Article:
There was more VAR controversy in the Premier League on Thursday with decisions in three matches all subsequently ruled to be incorrect.
Penalties for Manchester United at Aston Villa and Southampton at Everton should not have been awarded but Tottenham should have had one for Bournemouth striker Josh King’s push on Harry Kane.
Here, the PA news agency looks at those decisions and five more of the most contentious verdicts this season.
No luck for struggling Villa
The first goal in a game is often vital and the penalty awarded to Manchester United broke Aston Villa’s resistance just before the half-hour. In trying to turn on the ball Bruno Fernandes stepped into Ezri Konsa and fell inside the area. Referee Jon Moss pointed to the spot, the decision was backed up by VAR official Graham Scott and Fernandes scored from the spot.
More Spurs misery from Oliver
Michael Oliver has recent history with Tottenham, having been the VAR official who ruled out Lucas Moura’s goal in the defeat to Sheffield United the previous week, so manager Jose Mourinho was less than impressed by his performance against Bournemouth. Just four minutes in they were denied what looked like a clear penalty when Kane was pushed in the back by King at a corner. Referee Paul Tierney was unmoved and Oliver, again on VAR duties, chose not to intervene.
Mason falls for Ward-Prowse tumble
Everton’s defence had been under some pressure for almost half an hour when James Ward-Prowse got to Stuart Armstrong’s lay-off first, nudging the ball past Andre Gomes. However, the Saints midfielder then appeared to be already falling into his opponent before Gomes made contact. VAR official Andy Madley saw no reason to overturn the decision but Everton were ultimately saved with Ward-Prowse blasting his spot-kick against the crossbar.
Spurs were denied what looked like a perfectly good equaliser against the Blades when Kane rolled home a loose ball. However, VAR official Oliver ruled that Moura had grazed the ball with his hand as he fell. Contact was minimal at best, not to mention that Moura had been clearly fouled. The goal was chalked off and Spurs were not even afforded a free-kick.
Liverpool get away with one
Such is the inconsistency in the handball rule, Liverpool got away with what looked a blatant one in their crunch clash with Manchester City. City burst into a dangerous position in the Reds’ box and the ball clearly hit Trent Alexander-Arnold’s outstretched arm. The referee waved play on and Liverpool went up the other end and scored in a game-changing moment. VAR did not overrule the decision and Liverpool were in front instead of conceding a penalty.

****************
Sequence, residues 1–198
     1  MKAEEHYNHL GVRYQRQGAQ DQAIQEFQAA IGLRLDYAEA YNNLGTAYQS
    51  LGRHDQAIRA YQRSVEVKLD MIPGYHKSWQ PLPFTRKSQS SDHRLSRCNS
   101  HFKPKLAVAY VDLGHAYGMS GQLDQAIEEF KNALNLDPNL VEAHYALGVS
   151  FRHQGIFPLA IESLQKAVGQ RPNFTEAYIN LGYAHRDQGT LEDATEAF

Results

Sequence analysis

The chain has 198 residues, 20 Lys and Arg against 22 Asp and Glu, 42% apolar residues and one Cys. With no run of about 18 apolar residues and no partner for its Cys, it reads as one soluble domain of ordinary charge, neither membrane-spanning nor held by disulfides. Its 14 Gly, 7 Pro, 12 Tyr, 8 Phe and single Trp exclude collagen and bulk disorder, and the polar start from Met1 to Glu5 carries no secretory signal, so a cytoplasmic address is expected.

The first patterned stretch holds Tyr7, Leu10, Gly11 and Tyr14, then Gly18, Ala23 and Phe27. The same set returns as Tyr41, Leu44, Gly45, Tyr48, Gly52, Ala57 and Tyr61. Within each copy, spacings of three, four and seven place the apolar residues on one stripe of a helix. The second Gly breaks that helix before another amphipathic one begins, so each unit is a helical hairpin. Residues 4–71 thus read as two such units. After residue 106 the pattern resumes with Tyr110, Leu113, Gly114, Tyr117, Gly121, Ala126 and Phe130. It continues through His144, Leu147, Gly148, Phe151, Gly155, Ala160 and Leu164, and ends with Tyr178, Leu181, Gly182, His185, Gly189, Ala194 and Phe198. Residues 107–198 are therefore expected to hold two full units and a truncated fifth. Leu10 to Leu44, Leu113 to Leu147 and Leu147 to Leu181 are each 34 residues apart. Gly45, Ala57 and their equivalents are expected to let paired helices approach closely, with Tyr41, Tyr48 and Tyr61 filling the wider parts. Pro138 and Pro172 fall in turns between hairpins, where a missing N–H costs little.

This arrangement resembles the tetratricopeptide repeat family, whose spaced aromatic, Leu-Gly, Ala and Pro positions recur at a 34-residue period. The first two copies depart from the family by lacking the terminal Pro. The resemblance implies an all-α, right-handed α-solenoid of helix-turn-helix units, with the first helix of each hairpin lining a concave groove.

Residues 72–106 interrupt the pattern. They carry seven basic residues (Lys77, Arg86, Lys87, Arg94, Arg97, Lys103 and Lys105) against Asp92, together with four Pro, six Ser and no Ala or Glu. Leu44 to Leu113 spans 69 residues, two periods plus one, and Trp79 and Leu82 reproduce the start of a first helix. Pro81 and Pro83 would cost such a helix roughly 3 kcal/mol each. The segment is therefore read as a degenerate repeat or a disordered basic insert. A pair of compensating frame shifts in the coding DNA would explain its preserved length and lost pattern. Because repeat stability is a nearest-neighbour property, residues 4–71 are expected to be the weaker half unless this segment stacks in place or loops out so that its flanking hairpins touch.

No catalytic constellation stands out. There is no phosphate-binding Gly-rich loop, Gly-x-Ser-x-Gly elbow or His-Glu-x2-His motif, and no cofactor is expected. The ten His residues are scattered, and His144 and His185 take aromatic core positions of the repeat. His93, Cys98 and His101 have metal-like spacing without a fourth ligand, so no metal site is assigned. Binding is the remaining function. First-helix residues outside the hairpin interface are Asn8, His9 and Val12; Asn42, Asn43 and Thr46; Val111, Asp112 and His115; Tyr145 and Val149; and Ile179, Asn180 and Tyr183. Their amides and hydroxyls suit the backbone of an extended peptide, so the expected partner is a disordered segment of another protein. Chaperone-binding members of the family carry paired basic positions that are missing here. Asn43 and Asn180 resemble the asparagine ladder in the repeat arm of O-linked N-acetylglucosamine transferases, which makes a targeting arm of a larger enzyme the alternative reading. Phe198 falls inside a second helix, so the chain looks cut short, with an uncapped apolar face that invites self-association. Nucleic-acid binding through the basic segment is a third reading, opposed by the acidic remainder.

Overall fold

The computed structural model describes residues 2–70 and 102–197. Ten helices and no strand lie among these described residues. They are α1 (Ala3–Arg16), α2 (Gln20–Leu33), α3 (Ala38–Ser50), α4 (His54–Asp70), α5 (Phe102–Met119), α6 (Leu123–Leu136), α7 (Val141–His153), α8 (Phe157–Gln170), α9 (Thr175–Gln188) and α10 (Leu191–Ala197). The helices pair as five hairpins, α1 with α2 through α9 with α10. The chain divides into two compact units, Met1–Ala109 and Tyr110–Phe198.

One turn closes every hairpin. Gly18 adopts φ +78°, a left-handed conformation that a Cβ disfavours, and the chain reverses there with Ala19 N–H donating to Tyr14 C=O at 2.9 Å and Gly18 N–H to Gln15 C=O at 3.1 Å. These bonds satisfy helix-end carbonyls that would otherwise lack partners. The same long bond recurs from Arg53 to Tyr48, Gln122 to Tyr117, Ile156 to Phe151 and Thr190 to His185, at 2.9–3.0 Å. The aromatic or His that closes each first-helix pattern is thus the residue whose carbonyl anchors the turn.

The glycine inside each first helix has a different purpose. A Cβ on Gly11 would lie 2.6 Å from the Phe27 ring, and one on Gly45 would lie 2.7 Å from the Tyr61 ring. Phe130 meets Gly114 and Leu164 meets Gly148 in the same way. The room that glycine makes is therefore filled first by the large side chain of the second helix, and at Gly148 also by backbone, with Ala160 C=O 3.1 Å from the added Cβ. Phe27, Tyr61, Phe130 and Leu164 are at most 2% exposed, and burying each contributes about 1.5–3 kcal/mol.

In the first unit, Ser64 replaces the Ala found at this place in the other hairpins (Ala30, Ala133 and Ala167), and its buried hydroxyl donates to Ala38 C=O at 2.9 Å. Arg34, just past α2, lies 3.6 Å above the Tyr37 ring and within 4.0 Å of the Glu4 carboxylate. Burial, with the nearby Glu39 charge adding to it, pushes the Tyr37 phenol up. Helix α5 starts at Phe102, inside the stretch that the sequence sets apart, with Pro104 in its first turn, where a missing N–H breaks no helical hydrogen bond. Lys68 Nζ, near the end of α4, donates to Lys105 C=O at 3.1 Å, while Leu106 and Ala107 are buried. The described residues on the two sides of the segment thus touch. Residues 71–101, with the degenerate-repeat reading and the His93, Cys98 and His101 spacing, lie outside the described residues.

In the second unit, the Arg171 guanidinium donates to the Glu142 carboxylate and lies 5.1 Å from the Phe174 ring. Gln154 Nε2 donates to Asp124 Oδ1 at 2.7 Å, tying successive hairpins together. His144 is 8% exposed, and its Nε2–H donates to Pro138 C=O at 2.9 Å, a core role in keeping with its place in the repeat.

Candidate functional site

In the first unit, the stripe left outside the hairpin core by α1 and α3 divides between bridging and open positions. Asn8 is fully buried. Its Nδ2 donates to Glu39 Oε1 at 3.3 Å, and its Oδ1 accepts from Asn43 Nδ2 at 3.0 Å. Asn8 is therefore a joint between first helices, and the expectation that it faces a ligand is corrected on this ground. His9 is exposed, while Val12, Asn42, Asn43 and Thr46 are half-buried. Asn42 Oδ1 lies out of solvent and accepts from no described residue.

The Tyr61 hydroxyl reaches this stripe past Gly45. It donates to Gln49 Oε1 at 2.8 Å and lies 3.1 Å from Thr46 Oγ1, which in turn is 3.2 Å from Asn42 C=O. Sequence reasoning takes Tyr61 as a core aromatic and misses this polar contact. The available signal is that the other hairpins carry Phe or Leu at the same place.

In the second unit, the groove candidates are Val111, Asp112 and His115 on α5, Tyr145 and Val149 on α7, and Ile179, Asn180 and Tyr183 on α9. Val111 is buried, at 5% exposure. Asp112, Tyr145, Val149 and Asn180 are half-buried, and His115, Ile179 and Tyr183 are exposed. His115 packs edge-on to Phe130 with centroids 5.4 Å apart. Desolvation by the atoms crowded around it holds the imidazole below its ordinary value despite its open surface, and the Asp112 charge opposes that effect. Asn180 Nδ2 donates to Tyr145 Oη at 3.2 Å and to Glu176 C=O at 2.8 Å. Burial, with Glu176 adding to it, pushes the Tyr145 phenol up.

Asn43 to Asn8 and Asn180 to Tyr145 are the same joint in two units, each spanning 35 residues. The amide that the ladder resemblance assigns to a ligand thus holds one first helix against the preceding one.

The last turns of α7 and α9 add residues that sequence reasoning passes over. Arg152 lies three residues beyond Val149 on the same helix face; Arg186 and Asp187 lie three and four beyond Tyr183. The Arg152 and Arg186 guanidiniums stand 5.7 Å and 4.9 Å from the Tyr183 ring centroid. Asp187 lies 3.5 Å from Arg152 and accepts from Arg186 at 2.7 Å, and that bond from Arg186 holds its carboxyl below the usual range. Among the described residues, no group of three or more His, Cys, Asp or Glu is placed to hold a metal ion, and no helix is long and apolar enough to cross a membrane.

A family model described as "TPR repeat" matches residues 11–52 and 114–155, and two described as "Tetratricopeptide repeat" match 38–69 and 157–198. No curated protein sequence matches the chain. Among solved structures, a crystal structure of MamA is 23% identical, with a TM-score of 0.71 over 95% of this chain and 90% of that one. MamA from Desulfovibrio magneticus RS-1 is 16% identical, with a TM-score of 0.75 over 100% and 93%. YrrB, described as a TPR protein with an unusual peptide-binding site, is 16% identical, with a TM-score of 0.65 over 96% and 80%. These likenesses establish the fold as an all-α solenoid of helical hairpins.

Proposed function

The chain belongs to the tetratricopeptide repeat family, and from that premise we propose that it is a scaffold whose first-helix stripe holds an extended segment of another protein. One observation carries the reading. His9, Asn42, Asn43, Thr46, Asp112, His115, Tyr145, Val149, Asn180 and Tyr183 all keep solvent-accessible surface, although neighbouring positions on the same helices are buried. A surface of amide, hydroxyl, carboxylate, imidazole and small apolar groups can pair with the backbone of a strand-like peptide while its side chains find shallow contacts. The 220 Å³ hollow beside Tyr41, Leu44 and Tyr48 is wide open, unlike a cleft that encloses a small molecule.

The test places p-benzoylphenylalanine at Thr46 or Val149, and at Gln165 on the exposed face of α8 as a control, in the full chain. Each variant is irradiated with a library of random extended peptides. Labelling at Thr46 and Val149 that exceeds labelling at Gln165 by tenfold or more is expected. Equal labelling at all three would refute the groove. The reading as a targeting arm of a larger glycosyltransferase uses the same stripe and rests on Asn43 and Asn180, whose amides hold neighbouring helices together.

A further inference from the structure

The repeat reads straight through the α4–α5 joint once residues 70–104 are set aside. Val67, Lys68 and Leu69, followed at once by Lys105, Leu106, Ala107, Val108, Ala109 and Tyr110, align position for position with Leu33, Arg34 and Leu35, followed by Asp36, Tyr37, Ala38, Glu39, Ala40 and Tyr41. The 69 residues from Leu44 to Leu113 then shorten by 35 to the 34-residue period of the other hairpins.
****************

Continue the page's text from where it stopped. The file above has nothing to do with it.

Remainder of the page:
Spurs were the beneficiaries of one of the most puzzling decisions in their match with Watford. Gerard Deulofeu broke into the box and looked to be tripped by defender Jan Vertonghen. No penalty was given at the time, with the Spaniard pleading with referee Chris Kavanagh to check with VAR. He did, but somewhat amazingly Kavanagh’s decision stood after the VAR official chose not to see what appeared an obvious trip.
Lundstram’s big toe
The multi-coloured perpendicular lines are going to be an enduring image of the season, having ruled out plenty of goals for the most marginal offside decisions. There was Roberto Firmino’s armpit at Aston Villa and Pedro Neto’s hand at Anfield, but perhaps none were more frustrating than John Lundstram’s big toe which saw Sheffield United robbed of a goal at Spurs. A few centimetres of Lundstram’s boot were ruled offside as he crossed, from which David McGoldrick scored from a second phase of play.
There was more misery for Sheffield United in the first game back after the coronavirus suspension as they were denied a goal by a technology breakdown, with VAR heavily criticised for not intervening. Oliver Norwood’s free-kick was carried over the line by Aston Villa goalkeeper Orjan Nyland. The Hawk-Eye technology inexplicably did not work as all seven cameras were blocked, meaning referee Oliver did not receive a notification. He allowed play to continue, which meant that VAR could not intervene, despite replays showing the ball had clearly crossed the line.
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